The War Cloud
Duke of Wellington's Death
THE streets of London were thronged with thousands of spectators, clad for the most part in garments of
mourning, as with marching squadrons, and with trophies of war and heraldic pomp, the mortal remains of the famous
Duke of Wellington were borne, in November, 1852, to the Cathedral of St. Paul's. The news of her great captain's
death had come to the Queen in her Highland home. She was in London at the time of the funeral, and from the
balcony of Buckingham Palace saw the procession pass up Constitution Hill, and then again, with her children
grouped about her, saw it from the windows of St. James's Palace.
Fire At Windsor Castle
In March of the following year, the Queen was enabled by personal experience to sympathise with those of her
subjects who have ever had their houses on fire. The Queen was sitting with Prince Albert in the "White Drawing
Room," when an alarm was raised on account of the smell of smoke and burning. It was soon found that the upper
stories of the "Prince of Wales' Tower" were what the firemen call "well alight." Prince Albert and the gentlemen
in the Castle aided in the work of clearing out the splendid Gothic Dining Room and the Crimson Drawing Room, which
were threatened with destruction, and all the treasures were taken out of the jewelled armoury. The firemen with
their engines did their very best, but it seemed for a time as if Windsor Castle would be burnt out. At length,
after five hours' struggle with the flames, the danger was past. The Queen says of it in one of her letters :
"Though I was not alarmed, it was a serious affair, and an acquaintance with what a fire is, and with its necessary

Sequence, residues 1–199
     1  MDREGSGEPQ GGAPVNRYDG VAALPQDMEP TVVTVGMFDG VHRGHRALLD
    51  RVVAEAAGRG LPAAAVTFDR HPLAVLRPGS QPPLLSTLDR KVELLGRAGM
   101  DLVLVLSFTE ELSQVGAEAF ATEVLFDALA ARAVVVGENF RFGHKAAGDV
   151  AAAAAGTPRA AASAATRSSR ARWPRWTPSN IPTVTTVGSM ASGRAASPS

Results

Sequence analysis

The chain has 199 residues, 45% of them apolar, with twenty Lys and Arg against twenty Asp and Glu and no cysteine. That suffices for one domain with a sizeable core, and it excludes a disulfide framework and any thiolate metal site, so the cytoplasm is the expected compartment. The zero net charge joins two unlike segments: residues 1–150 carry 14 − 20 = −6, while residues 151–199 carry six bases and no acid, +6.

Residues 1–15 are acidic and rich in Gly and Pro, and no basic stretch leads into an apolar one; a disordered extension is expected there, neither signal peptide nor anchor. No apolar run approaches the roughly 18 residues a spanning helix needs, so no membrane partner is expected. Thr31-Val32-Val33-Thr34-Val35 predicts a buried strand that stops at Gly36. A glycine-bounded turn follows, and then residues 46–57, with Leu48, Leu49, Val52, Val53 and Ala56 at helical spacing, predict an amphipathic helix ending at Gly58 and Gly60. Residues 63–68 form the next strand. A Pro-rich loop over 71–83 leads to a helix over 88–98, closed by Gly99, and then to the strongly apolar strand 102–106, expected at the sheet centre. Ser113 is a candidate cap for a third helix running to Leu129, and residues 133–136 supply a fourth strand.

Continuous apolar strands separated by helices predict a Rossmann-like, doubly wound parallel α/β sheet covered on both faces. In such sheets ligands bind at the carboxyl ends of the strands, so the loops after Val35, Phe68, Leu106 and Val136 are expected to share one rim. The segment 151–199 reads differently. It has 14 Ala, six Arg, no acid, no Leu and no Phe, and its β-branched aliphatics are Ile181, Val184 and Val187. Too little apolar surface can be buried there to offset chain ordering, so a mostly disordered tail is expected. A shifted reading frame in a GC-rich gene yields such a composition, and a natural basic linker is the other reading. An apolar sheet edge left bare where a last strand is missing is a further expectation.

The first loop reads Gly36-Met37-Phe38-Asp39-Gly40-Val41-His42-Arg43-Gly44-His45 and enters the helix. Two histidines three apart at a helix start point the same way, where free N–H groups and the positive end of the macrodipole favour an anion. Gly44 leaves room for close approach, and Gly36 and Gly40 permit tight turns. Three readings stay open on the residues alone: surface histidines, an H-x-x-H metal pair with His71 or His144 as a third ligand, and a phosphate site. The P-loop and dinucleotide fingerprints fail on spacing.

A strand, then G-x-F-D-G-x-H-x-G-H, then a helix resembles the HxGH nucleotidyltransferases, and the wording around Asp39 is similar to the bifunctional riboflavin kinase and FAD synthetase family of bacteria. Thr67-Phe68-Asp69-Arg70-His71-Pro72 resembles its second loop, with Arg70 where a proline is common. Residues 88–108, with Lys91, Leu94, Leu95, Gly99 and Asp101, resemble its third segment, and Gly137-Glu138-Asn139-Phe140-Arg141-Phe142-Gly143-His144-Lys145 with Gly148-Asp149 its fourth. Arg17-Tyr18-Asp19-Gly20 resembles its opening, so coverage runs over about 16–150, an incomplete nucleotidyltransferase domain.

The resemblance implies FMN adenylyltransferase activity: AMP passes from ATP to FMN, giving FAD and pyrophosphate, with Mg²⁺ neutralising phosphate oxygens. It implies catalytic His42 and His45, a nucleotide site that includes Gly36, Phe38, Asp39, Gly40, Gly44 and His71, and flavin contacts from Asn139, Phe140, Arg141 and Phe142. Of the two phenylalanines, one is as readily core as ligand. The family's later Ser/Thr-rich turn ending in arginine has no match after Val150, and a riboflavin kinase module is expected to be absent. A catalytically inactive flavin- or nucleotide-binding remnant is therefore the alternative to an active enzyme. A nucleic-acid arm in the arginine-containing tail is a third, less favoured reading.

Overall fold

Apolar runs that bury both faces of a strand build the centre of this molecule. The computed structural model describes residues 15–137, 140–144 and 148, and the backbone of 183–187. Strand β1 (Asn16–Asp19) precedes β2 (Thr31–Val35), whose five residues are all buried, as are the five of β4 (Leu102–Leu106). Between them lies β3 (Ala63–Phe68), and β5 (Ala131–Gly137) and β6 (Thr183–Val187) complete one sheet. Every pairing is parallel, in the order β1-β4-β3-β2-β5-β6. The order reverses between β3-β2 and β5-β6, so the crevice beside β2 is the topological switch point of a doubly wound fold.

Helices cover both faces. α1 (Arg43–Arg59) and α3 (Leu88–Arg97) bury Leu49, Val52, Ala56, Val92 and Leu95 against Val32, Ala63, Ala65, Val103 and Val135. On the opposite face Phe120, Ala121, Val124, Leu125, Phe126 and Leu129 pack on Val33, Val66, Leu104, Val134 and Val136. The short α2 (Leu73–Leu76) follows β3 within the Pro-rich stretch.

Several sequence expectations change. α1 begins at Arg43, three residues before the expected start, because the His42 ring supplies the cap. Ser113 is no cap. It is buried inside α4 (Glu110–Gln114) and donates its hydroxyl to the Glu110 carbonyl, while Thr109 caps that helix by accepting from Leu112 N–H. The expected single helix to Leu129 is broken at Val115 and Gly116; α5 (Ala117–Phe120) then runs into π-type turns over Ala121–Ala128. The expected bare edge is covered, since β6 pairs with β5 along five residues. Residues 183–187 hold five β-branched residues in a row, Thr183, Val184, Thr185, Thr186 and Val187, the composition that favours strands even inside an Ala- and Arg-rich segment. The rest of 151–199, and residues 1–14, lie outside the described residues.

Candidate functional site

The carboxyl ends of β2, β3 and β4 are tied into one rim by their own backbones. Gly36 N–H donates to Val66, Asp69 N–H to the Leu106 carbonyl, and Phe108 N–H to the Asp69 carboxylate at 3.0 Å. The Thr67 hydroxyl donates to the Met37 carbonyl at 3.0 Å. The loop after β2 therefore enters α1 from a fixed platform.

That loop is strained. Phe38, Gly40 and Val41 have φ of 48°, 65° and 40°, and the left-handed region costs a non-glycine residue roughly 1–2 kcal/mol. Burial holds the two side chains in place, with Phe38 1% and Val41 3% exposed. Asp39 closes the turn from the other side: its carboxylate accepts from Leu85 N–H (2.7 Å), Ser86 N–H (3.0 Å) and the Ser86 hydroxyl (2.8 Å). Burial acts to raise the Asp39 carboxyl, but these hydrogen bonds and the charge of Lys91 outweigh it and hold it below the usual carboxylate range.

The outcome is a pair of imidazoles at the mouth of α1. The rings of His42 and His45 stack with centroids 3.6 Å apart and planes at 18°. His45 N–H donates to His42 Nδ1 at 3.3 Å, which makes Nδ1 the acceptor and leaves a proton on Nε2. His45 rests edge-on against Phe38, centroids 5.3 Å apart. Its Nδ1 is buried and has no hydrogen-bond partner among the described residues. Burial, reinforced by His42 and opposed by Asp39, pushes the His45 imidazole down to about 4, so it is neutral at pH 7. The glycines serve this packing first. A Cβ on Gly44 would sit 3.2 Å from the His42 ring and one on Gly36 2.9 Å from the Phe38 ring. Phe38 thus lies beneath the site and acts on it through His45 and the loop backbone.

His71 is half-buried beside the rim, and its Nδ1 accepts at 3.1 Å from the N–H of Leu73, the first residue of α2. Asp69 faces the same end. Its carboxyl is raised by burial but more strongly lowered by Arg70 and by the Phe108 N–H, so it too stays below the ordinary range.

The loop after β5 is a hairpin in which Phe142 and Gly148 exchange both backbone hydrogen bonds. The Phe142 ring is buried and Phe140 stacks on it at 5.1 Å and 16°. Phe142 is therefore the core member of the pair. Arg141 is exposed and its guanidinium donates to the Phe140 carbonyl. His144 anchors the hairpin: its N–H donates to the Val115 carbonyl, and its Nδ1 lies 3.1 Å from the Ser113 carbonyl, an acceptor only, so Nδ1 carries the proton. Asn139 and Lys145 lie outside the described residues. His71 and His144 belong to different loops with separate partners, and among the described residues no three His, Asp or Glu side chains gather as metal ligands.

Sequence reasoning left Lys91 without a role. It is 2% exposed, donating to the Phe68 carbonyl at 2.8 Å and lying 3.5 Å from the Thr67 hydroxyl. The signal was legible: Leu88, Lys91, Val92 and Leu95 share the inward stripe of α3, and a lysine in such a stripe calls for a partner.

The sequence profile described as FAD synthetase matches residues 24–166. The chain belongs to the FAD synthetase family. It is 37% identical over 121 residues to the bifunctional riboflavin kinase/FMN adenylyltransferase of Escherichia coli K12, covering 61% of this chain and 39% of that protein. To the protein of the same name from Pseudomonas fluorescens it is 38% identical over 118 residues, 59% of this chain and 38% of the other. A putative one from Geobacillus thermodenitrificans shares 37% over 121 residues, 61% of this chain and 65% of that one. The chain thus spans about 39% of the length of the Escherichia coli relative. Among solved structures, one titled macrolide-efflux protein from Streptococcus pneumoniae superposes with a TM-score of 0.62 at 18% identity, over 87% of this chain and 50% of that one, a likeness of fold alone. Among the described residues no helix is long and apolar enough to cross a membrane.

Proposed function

accompaniments, does not pass from one's mind without leaving a deep impression. For some time it was very
obstinate, and no one could tell whether it would spread or not. Thank God, no lives were lost."
Birth of Prince Leopold George Duncan Albert
Three weeks after the fire, Prince Leopold George Duncan Albert was born at Windsor. Baby was about two months
old when his brother, the Prince of Wales, was laid up with the measles. Prince Albert took it, and was very ill,
and then the Princess Royal, and Princess Alice and the Queen all took it successively in a mild form. Some of the
guests who came to baby's christening took back the measles with them to the Courts of Hanover, Belgium and Coburg,
and for some time people were amused with the way in which this infantile complaint was showing its want of respect
for royal families.
Prince Albert Treacherous Rumours
Early in 1853 the Queen was much troubled by the false accusations that were made against her husband. The fact
was that many people were jealous of Prince Albert's blameless life. He made the Court so pure and respectable that
they were angry at not being able to indulge more freely in the vices that they loved. And so they took the
opportunity of some disagreement between Lord Palmerston and his colleagues to get up lying rumours about Prince
Albert's interfering unlawfully in Government matters, and acting treacherously towards England. Crowds of people
actually went to Tower Hill expecting to see the Prince taken to prison. Queen Victoria was very grieved and
indignant, but the Prince was very calm; and as soon as Parliament met, Lord Aberdeen and Lord John Russell
completely refuted the false charges, and all the politicians and newspapers who had joined in the outcry tried to
get their folly forgotten as soon as possible.
14th Wedding Anniversary
The fourteenth anniversary of the wedding-day came, and the Queen wrote : " Fourteen happy and blessed years
have passed, and I confidently trust many more will, and find us in old age, as we are now, happy and devotedly
united. Trials we must have ; but what are they if we are together ? " There were grand doings at
the Palace that fourteenth wedding-day. Baroness Bunsen, who was one of the company, tells us how " that
evening between five and six o'clock we followed the Queen and Prince Albert a long way, through one large room
after another, till we came to one where a red curtain was let down ; and we all sat in the dark till the curtain
was drawn aside, and the Princess Alice, who had been dressed to represent Spring, recited some verses taken from